The Abraham Joshua Heschel Day School West team labored close to two years on their assignment. They administered surveys, compiled data and poured through reams of material. This homework, however, was completed not by students, but by staff and faculty. And the project was not so much required as extra credit.

The Agoura school’s administration voluntarily underwent the rigorous process in order to become accredited by the Bureau of Jewish Education of Los Angeles (BJE) and two secular accrediting bodies. The resulting 318-page tome, which reflected input from administrators, faculty, parents and families, detailed every aspect of the school’s operation from governance to finances to faculty credentials and student curricula.

Ten years ago, the BJE made history in the world of Jewish education by developing and conducting the first-ever accreditation process for Jewish schools. Prior to that, schools might have undergone the process with state or national agencies, but did not have a mechanism to demonstrate that they were accomplishing their Jewish educational goals. Today, 30 Jewish day schools and yeshivas and 40 religious schools in Los Angeles are BJE accredited.

The process is spelled out in a manual created by Emil Jacoby, the BJE’s former director and now senior consultant. It takes early childhood centers, yeshivas, day schools and religious schools through a thorough, standardized process to ensure that each school is fulfilling its missions and goals.

Jacoby designed the manual to integrate BJE requirements with those of other accrediting bodies. For day schools and yeshivas, BJE accreditation occurs simultaneously with Western Association of Schools and Colleges (WASC) and/or the California Association of Independent Schools (CAIS).

Accreditation “insures that schools have a clear sense of their mission and goals and values,” said BJE Executive Director Gil Graff.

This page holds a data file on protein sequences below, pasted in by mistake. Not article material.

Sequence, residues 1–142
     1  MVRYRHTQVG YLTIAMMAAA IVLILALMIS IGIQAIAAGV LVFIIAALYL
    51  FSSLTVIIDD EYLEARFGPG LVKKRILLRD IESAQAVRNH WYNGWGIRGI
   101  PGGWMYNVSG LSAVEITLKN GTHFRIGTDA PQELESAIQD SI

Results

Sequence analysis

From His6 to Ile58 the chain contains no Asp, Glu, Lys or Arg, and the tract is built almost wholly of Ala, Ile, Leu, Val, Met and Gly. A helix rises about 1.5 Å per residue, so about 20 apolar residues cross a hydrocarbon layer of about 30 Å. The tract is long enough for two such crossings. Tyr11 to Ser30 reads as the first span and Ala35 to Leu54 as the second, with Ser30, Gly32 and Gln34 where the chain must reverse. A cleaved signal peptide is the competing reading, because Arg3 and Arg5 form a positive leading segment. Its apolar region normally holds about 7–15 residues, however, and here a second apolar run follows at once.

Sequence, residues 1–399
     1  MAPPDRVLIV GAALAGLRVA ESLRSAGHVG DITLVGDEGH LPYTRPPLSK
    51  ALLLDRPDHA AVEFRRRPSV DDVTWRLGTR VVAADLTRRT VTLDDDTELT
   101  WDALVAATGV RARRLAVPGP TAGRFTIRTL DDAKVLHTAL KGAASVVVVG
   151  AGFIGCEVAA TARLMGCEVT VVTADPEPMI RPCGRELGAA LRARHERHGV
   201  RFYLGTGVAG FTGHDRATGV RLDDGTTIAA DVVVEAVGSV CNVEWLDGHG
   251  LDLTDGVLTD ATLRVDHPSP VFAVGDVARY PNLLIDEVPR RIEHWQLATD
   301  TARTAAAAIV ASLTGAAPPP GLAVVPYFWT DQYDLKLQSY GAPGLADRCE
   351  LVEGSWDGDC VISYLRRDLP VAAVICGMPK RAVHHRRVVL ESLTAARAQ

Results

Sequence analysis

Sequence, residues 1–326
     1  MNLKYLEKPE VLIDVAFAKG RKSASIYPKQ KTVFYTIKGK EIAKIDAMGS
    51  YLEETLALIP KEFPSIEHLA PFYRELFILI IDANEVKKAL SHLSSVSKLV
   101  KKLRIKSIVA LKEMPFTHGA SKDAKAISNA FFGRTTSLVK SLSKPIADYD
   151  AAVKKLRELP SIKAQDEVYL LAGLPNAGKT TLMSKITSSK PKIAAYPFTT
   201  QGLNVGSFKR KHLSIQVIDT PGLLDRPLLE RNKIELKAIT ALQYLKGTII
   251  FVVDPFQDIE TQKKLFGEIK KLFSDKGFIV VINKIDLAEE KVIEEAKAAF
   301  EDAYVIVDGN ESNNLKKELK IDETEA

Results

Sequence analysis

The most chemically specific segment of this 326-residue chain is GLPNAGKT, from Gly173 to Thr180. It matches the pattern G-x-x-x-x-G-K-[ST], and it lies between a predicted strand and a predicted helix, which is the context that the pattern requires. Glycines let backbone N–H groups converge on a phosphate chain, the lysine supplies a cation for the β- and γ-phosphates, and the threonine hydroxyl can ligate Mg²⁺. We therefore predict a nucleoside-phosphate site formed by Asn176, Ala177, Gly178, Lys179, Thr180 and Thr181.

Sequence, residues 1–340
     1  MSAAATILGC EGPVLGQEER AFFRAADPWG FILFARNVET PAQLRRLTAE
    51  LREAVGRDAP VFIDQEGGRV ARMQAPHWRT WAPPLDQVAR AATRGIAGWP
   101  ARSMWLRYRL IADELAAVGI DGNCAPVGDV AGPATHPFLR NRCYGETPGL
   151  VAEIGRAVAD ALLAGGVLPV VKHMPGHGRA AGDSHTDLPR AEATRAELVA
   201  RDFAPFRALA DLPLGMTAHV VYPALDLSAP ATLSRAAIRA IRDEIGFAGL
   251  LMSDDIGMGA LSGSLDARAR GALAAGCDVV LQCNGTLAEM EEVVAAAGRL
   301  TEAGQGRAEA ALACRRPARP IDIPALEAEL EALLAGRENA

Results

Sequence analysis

It also gives schools credibility that comes from being reviewed by an impartial independent group of experts, Jacoby said, and assures outsiders that they can trust the school’s claims about its focus and philosophy.

For Heschel West principal Jan Saltsman, accreditation translates into necessary accountability.

“We are accountable to our students, to our parents, to the larger community,” Saltsman said. “With CAIS, WASC and BJE, we are held accountable. If you don’t have the accreditation, who are you accountable to?”

In addition to legitimacy and credibility, it also brings financial benefits. Only BJE-accredited schools are eligible for a share of $1.6 million in Jewish Federation funding, which the BJE disburses to support Jewish schools, or the $350,000 of Federation dollars, which the Bureau earmarks for day school scholarships. Also, the BJE itself provides about $100,000 in grants for schools to pursue projects identified through the accreditation process.

The three-part process begins with a school performing a detailed self-study and presenting the results in a written report. A visiting team of experienced educators then evaluates the school during a three-and-a-half-day site visit. (BJE visitors, who volunteer their time, are matched to the institution by denomination.) The BJE accrediting commission then reviews the visiting team’s report to determine a term of accreditation. The maximum term is six years, and institutions are typically revisited at the halfway point. For subsequent accreditation, they must demonstrate progress made on previous recommendations.